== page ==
figure drawings

Figure Drawing

Horse Anatomy

A Handbook for Artists
Comprising the Study of the Proportion and Action
of the Horse as Compared to Man.

by Lewis S. Brown

Home Learn How to Draw How to draw People StumbleUpon Toolbar Stumble It!
Learn How to Draw Perspective How to Paint How to Draw Cartoons

Horse anatomy; A handbook for artists, comprising the study of the proportion, structure and action of the horse as compared to man at

This amazing book was a labor of love by the author who was taken with the idea of comparing the physical structure of man to that of the horse when he saw an exhibit of skeletons of a man and a horse arranged in similar positions in the American Museum of Natural History in New York City. He worked on it as time allowed for seventeen years and eventually published it in 1948. From what I can tell that was the only edition.

It includes accurate drawings of horses and men and women juxtaposed with each other with charts of human proportions compared with horse proportions, and drawings of muscular structure and skeletal structure. He also includes studies of the horse gait which were based on the work of Eadweard Muybridge's Animal Locomotion. See Horses and Other Animals in Motion: 45 Classic Photographic Sequences

Lewis Stacey Brown was himself an employee of the American Museum of Natural History. He edited another book An Atlas of Animal Anatomy for Artists By Wilhelm Ellenberger

Table of Contents:

Saddle bred

Animal Motion
The Walk
The Amble
The Slow Trot
The Fast Trot
The Rack
The Canter
The Gallop
The Leap

General Anatomy
The Skeleton Muscle Structure
Outside Layer of Muscles
Deeper Muscles
Back View
Outside View
Medial View
Front View
Three Quarter View
Lateral View
Front View
Back View
Medial View
Lateral View
Front View
List of Illustrations:

Points of the Horse
Poor Conformation
Two Work Horses
Clydesdale Mare
Common Horse
Horses Under Saddle
Draft Type
Show Type
Proportions of Work Horse
Proportions of Arabian Stallion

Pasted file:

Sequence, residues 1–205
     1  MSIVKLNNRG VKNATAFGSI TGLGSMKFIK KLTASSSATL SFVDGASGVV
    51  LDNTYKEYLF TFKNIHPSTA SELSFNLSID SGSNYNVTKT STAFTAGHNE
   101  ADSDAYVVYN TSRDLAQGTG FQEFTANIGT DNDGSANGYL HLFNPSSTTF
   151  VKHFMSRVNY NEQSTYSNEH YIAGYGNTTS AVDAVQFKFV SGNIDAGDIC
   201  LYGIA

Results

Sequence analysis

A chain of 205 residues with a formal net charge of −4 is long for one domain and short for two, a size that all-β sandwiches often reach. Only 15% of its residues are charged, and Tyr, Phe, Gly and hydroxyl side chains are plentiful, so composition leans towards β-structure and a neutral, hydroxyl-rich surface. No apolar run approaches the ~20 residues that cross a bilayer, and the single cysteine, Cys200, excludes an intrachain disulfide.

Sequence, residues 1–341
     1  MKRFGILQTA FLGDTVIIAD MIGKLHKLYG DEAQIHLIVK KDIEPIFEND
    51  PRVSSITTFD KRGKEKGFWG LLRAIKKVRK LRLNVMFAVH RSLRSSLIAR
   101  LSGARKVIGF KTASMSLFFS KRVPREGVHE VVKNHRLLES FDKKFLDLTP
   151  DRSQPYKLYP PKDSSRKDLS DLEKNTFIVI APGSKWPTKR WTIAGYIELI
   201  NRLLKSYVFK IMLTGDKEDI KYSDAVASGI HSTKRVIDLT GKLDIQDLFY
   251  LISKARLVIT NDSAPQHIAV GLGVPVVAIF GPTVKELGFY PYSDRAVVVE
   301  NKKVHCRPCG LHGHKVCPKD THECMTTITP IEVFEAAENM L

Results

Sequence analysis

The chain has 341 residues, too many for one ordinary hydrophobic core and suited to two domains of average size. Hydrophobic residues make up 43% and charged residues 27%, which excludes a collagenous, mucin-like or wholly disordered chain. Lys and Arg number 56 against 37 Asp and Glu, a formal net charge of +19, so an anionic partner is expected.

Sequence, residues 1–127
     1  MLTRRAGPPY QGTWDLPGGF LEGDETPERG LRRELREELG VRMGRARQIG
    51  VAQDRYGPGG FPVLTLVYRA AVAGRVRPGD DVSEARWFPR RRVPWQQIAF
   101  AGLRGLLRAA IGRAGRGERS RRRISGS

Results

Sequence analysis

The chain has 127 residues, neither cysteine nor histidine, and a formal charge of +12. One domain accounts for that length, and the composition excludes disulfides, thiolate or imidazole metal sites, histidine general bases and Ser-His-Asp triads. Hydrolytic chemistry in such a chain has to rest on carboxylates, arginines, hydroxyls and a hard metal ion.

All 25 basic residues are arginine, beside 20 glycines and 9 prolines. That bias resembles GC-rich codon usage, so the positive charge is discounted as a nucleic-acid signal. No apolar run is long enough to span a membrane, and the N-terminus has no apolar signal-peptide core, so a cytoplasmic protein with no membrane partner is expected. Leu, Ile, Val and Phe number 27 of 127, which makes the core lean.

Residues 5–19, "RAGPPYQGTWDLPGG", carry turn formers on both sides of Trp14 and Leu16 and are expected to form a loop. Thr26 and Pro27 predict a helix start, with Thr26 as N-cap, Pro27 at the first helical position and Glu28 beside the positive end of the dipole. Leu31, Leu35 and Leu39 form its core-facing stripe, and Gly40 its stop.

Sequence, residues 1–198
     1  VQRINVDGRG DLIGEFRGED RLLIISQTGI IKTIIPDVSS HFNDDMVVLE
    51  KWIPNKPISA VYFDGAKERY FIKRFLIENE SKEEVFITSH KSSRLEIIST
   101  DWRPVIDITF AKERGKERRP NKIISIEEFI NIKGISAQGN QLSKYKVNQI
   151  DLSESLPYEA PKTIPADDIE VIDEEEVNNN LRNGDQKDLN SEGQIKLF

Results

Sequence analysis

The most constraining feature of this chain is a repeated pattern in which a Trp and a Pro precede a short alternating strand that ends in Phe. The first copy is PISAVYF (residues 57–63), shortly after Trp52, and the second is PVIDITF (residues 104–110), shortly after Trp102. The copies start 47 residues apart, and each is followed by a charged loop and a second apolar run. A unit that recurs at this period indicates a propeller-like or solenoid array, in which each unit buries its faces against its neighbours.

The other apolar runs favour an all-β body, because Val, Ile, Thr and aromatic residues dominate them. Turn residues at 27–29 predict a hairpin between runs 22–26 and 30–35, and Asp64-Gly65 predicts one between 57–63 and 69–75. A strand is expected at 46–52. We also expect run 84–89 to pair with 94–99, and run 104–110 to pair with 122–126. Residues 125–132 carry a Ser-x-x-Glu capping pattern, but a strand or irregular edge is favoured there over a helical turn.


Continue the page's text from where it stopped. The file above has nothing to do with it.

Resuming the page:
Proportions of Arabian Mare
Proportions of Percheron Mare
Proportions of Percheron Stallion
Speed and Draft Types Compared
Proportions of Race Horse
Proportions of Colts
Proportions of American Saddle Horse
Proportions of Two Hunters
Proportions of Shetland Pony
Proportions of Mules
Proportions of Asses
Bucking Horses
Beauty Walks
Beauty Pulls a Load
Labradorite Ambles
Slow Trot of Beauty
Fast Trot of Abelard
Fast Rack of Abelard
Thimble Canters
Sevenlaws Gallops
Extension in Gallop
Suspension in Gallop
Thimble Leaps a Fence
Superficial Muscles
Bone Structure
Superficial Muscles
Outside Muscles of Beauty
Deeper Muscles of Beauty
Skeleton of Beauty
Posterior Limb - Back View
Posterior Limb - Outside View
Posterior Limb - Medial View
Posterior Limb - Front View
Fore Limb - 3/4 Front View
Fore Limb - Lateral View
Fore Limb - Front View
Fore Limb - Back View
Fore Limb - Medial View
The Head - Lateral View
The Head - Front View

From the Foreword:

This little book has been a long time growing. Its real beginning was about seventeen years ago when the author for the first time stood before skeletons of a horse and a man shown in similar positions, mounted by S. Harmstead Chubb in his Hall of the Horse in the American Museum of Natural History in New York. It was then that the author realized that it should be possible to gather and present facts about the two forms which they both possessed and which could easily be understood by a person having some knowledge of the anatomy of man. The gathering and presenting of these facts has not been a simple task.

The author wished to produce a work which would be of real use to artists. Artists learn much more from what they see than from what they read. Therefore pictures should be used rather than text whenever practical. It should be so arranged that a person with little knowledge could find a place to begin and as his knowledge grew could continue to find enough information to satisfy his needs. In other words it should be simple yet complete. Complete in the information it contained, yet simple in the way in which it was presented. It would not be a new method or short cut to drawing the horse for good drawing is only based on knowledge.